(a) Find the acceleration of the lorry when its speed is 20ms¯1 (4)

    The lorry comes to a hill inclined at an angle ß to the horizontal, where sin ß = 1/10. The magnitude of the resistance to motion from non-gravitational forces remains 750 N.

    The lorry moves up the hill at a constant speed of 20ms¯1

    (b) Find the rate at which the lorry's engine is now working. (3)

    By the way I agree with your answer. Cool
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    (Original post by imasillynarb)
    For example, with the restituion question, partb) v3 might not be greater than v1, as f could be between 0 < f < 1, and if f was something small like 0.1, then they wouldnt of collided.
    what was the actual question for 3b)? can't really remember....was there a part c)? and if so was that the part where you had to find the range of 'f'?
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    (Original post by Mysticmin)
    Lol, you nearly got me hyperventilating there imasillynarb Glad someone agrees with me.

    hyperventilating over two marks?
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    I know what I have done. are you sure the angle wasn't sin 1/20 ?

    How many marks you reckon I'll lose if I just got the angle wrong, which then made the answer wrong, despite getting all the method right?
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    (Original post by imasillynarb)
    Oh well, thats another question Ive done wrong. So thats minus 15 marks so far.
    where were the other marks?
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    (Original post by jonnymcc2003)
    I know what I have done. are you sure the angle wasn't sin 1/20 ?

    How many marks you reckon I'll lose if I just got the angle wrong, which then made the answer wrong, despite getting all the method right?
    i think it was 1/10, but not quite sure...
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    (Original post by jonnymcc2003)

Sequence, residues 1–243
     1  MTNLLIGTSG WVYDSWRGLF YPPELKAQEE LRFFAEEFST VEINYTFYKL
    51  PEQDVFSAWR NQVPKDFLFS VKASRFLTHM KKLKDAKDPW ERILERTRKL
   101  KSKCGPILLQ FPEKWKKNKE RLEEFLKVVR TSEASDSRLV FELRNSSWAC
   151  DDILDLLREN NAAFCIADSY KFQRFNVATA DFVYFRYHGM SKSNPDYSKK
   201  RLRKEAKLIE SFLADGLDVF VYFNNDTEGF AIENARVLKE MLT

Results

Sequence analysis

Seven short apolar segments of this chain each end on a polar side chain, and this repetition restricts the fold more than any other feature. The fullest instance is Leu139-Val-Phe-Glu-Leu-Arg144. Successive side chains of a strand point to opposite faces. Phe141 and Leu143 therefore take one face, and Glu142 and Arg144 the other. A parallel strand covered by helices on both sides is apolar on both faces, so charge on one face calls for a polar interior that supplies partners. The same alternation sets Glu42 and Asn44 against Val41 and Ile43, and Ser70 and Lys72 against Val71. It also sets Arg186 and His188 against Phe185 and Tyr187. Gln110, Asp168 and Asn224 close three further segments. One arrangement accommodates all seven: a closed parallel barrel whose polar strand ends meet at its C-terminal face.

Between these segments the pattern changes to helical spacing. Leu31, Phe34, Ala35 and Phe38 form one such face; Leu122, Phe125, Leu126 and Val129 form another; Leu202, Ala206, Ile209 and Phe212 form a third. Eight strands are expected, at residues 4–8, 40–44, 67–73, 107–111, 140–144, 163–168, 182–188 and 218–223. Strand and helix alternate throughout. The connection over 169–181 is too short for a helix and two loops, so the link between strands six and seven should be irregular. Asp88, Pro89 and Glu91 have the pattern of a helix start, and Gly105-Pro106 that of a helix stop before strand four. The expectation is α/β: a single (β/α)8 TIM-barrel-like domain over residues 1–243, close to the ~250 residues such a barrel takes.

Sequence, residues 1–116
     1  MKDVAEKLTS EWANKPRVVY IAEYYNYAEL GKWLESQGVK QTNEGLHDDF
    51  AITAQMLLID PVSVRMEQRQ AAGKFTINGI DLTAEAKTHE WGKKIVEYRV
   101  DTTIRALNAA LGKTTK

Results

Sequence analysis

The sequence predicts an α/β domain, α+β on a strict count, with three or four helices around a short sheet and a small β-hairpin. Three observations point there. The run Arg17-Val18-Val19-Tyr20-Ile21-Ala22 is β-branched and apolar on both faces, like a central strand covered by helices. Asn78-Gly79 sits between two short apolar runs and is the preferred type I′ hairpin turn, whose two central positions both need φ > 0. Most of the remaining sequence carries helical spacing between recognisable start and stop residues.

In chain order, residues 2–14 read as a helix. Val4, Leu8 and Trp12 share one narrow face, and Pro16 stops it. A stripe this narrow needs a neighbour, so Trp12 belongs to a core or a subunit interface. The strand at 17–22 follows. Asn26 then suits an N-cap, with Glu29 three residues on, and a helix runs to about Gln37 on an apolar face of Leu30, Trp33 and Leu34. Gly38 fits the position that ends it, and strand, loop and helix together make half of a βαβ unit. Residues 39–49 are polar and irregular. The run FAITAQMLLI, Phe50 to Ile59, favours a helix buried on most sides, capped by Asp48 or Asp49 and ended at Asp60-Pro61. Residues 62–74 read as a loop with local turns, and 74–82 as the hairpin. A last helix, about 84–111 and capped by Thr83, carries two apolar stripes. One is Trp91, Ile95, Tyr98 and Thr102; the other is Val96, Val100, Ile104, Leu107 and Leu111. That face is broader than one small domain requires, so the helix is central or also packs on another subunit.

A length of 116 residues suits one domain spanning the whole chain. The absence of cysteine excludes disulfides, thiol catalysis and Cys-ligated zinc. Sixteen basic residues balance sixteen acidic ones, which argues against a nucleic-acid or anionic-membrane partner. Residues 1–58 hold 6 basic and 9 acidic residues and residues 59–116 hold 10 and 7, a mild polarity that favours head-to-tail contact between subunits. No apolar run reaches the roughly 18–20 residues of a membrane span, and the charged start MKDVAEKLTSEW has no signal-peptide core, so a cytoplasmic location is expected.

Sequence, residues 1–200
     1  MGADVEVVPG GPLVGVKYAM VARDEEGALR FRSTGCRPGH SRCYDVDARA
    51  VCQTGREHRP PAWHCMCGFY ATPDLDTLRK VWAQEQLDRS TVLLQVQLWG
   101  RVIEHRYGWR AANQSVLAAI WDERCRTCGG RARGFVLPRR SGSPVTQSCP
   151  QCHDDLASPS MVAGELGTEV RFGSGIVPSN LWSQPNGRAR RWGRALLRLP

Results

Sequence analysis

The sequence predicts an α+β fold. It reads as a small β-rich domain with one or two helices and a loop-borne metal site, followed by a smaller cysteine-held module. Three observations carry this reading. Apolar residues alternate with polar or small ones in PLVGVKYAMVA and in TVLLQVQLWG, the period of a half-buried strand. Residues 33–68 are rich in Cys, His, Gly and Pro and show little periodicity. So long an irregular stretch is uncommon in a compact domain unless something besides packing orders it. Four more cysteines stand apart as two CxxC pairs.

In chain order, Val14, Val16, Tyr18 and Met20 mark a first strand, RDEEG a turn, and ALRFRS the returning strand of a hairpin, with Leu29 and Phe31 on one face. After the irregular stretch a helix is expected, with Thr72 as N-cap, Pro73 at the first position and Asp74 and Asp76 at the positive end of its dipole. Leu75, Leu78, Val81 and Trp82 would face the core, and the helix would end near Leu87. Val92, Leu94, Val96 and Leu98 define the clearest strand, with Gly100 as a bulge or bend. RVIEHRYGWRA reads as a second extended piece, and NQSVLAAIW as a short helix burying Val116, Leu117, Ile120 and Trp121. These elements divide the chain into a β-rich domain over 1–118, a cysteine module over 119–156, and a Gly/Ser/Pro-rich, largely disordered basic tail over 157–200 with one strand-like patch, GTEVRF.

I know what I have done. are you sure the angle wasn't sin 1/20 ?

    How many marks you reckon I'll lose if I just got the angle wrong, which then made the answer wrong, despite getting all the method right?

    I'm certain it was sin A = 1/10 but I guess it will only affect the answer not method therefore 1 mark
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    For the collisions questions part b, did you say they would collide simply because they were heading towards each other, and e could not be negative?
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    (Original post by mockel)
    what was the actual question for 3b)? can't really remember....was there a part c)? and if so was that the part where you had to find the range of 'f'?

    In part b you had to show that there would be a second collision given that e=0.4

    In part c you had to find the range of values of f to force a second collision given e = 0.8
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    (Original post by jonnymcc2003)
    For the collisions questions part b, did you say they would collide simply because they were heading towards each other, and e could not be negative?
    well, i substituted e=0.4 into my eqautions for v1 and v3 (velocity of 2nd one after hitting the wall), and i found that v3 must be negative, and v1 must be positive, so they are moving towards each other and will therefore collide
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    (Original post by mensandan)
    In part b you had to show that there would be a second collision given that e=0.4

    In part c you had to find the range of values of f to force a second collision given e = 0.8
    oh yeah, i remember know, thanks
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    I thought overall the paper was ok

    I didn't get all the marks for that 7 mark ladder question. Also i couldn't do parts b and c for the collisions question in question 6 - the part involving f - that was just confusing!!! :confused:
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    (Original post by jonnymcc2003)
    For the collisions questions part b, did you say they would collide simply because they were heading towards each other, and e could not be negative?
    Yeah that makes sense, I used the fact that they were moving in opposite directions given that f was in the velocity of Q therefore a collision was inevitable. I just related everything back to the original direction of projection of P.